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HindustanTimes Sun,23 Nov 2014

World

Egypt top cleric tells Ahmadinejad not to interfere in Gulf
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Cairo, February 05, 2013
First Published: 23:10 IST(5/2/2013)
Last Updated: 23:12 IST(5/2/2013)

Egypt's top cleric told visiting Iranian President Mahmoud Ahmadinejad on Tuesday not to interfere in the affairs of Bahrain or other Gulf states, and to uphold the rights of his country's Sunni minority.

Ahmed al-Tayyeb, the grand imam of Cairo's Al-Azhar, Sunni Islam's highest seat of learning, also denounced what he described as the "spread of Shiism in Sunni lands".

Tayyeb, who made the remarks in a statement after meeting Ahmadinejad, demanded "the Iranian president respect Bahrain as a brotherly Arab nation, and not interfere in the affairs of Gulf states".

In October, Bahrain summoned an Iranian envoy to protest at Tehran's "interference" in the Gulf state's internal affairs. Shiite-ruled Iran has supported protests by Bahrain's Shiite majority against the Sunni monarchy.

Following Tuesday's meeting, Ahmadinejad gave a news conference at Al-Azhar in which he said he "came from Iran to say that Egypt and the Egyptian people have their place in the heart of the Iranian people".

But senior Al-Azhar cleric Hassan al-Shafie, who spoke after Ahmadinejad, launched into a tirade against "some Shiites" for insulting some of the Prophet Mohammed's companions as the Iranian president listened with noticeable unease.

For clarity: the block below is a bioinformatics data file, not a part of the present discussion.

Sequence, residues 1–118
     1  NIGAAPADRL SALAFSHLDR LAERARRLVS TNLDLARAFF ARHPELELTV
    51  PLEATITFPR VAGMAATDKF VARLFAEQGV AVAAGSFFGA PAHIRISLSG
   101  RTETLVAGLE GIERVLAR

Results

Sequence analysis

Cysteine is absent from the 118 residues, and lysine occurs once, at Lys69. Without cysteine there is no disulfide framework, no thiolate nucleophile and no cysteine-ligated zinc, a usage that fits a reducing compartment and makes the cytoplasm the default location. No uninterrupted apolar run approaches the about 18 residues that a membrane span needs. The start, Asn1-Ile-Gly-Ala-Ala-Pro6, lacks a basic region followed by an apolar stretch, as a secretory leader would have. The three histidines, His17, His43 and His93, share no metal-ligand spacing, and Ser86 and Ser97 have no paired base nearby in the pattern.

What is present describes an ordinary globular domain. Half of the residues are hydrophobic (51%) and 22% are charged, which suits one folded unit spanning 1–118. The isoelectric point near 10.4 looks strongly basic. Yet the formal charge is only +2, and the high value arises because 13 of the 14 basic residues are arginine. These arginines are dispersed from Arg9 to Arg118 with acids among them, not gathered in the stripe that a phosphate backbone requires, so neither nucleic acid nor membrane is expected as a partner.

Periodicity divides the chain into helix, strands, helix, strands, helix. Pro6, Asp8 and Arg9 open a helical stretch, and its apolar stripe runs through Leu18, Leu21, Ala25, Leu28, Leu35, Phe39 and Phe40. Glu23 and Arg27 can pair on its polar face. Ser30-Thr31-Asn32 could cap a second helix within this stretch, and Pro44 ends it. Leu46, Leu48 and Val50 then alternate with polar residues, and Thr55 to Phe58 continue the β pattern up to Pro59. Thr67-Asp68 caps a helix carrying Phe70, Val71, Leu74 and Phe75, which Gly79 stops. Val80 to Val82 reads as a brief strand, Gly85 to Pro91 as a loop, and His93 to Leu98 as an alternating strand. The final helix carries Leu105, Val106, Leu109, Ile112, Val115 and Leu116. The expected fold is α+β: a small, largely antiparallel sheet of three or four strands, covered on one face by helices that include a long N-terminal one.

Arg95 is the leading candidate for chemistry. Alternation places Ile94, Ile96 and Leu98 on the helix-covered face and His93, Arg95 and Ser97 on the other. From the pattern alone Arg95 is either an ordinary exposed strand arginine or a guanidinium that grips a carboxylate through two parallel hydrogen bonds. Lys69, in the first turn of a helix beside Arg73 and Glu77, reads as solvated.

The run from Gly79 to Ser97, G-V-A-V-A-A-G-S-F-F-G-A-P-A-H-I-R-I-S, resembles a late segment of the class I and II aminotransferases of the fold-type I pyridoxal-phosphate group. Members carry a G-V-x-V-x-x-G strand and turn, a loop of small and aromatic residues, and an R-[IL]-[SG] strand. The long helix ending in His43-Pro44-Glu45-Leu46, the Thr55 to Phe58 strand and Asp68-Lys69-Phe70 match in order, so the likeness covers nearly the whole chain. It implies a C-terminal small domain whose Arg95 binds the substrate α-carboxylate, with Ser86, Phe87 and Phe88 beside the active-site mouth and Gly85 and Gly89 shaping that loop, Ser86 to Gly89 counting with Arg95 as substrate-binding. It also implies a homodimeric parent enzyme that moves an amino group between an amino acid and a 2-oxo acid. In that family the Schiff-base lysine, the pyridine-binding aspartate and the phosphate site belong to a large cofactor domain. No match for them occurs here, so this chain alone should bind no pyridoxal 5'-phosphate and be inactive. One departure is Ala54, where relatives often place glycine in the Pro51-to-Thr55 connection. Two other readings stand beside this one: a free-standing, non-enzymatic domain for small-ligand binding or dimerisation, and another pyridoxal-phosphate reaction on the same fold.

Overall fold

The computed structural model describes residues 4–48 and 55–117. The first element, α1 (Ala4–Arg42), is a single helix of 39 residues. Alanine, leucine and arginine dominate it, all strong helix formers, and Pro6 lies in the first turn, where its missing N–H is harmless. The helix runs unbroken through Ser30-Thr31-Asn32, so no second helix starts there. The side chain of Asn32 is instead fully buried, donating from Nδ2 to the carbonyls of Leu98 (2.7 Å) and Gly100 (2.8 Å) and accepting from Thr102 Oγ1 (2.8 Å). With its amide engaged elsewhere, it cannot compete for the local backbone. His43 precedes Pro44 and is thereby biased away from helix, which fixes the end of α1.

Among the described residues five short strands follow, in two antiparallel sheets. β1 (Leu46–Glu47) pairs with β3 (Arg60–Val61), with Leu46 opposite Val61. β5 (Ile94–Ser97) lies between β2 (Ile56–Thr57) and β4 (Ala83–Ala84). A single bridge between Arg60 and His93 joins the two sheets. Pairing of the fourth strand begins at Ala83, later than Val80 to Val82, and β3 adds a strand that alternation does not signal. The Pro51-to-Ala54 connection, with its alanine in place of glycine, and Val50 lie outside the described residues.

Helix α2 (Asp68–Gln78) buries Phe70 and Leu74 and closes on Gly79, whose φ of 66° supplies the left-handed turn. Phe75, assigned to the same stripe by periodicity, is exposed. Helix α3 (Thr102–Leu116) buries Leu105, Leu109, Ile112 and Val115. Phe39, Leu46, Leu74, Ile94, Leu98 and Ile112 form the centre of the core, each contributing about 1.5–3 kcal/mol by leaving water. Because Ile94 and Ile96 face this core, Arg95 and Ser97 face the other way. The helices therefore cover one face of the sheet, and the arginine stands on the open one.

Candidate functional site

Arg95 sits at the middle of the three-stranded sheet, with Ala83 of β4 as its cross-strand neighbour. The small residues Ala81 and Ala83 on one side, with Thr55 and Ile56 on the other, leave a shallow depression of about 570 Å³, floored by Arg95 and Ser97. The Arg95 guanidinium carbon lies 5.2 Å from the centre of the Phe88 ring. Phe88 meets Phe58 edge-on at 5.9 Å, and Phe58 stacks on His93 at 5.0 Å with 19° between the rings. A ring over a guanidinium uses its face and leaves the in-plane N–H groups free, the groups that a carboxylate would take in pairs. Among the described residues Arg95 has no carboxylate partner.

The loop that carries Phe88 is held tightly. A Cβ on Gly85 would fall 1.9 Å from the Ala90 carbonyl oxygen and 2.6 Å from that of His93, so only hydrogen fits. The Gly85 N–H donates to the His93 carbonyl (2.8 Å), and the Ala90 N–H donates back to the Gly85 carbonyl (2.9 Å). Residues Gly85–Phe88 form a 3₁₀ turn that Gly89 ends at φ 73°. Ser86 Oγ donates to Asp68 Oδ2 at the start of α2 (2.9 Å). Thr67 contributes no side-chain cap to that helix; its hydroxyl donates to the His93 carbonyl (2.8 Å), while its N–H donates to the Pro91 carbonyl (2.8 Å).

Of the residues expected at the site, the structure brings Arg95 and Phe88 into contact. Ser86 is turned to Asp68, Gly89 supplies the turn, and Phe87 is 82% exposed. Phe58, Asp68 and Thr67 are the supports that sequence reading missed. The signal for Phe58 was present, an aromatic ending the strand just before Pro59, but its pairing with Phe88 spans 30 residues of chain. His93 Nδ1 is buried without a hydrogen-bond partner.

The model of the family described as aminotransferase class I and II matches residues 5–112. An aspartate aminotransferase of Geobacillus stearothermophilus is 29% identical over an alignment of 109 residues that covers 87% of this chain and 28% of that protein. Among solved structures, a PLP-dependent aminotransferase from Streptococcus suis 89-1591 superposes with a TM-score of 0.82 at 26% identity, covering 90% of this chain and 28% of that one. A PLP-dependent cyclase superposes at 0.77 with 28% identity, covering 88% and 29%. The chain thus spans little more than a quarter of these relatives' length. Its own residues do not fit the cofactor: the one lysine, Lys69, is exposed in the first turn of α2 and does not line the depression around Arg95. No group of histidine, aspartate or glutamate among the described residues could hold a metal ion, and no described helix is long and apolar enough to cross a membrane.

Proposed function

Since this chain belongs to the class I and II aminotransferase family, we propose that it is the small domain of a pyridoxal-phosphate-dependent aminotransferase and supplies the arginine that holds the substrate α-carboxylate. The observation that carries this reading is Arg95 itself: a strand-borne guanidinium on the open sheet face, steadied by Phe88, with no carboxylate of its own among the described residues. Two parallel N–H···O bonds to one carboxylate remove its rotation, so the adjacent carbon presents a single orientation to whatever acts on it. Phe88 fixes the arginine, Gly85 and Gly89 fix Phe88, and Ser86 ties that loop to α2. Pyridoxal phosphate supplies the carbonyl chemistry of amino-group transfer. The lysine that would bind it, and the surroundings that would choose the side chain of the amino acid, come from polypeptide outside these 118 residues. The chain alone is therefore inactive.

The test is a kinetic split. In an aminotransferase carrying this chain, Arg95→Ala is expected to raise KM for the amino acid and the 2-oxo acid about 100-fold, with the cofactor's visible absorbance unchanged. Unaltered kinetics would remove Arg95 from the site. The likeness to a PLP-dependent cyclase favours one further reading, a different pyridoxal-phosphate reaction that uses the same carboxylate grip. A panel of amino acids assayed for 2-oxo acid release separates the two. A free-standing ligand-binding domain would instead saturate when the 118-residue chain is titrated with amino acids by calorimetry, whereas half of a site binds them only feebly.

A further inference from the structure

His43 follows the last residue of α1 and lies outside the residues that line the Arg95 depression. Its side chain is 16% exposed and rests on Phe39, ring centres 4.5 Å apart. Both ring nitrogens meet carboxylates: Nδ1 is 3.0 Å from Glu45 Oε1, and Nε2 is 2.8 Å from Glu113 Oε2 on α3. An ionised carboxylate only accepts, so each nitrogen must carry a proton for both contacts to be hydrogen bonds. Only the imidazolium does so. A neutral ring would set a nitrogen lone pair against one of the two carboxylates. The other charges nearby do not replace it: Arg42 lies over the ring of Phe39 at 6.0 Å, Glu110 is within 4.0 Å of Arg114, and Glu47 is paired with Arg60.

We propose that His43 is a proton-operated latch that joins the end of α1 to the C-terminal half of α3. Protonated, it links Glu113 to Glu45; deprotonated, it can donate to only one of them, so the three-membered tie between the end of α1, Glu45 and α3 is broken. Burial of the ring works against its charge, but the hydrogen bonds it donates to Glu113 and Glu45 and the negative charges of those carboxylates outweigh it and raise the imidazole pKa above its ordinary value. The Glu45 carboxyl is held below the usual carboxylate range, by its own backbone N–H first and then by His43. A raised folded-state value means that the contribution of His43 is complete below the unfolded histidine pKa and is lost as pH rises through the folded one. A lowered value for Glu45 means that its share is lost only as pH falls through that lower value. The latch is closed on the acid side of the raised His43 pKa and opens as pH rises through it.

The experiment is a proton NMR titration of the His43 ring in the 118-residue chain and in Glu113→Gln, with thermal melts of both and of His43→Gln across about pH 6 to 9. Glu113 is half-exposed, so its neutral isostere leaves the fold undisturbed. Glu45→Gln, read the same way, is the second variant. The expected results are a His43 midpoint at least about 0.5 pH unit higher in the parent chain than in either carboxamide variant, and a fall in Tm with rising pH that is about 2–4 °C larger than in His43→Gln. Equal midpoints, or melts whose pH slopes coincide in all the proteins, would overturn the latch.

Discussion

"The discussions were frank," Shafie said of Ahaminejad's meeting with Tayyeb.

Shiites revile some of the Prophet Mohammed's companions they accuse of usurping power from his nephew Ali, whom they believe was designated as his rightful heir.

Sunnis view this position as heresy, but Al-Azhar had traditionally taken an ecumenical stance on Shiites.

But the Sunni institute has adopted a much harsher tone in the past year, accusing Shiites of trying to spread their doctrine in Egypt and even issuing a statement that used a pejorative term for Shiites -- rafidah, or rejectionists.

Al-Azhar's hardened stance is thought in part to stem from the increased pressure of more conservative Salafi clerics, who share doctrines of Saudi Arabia's interpretation of Sunni Islam.


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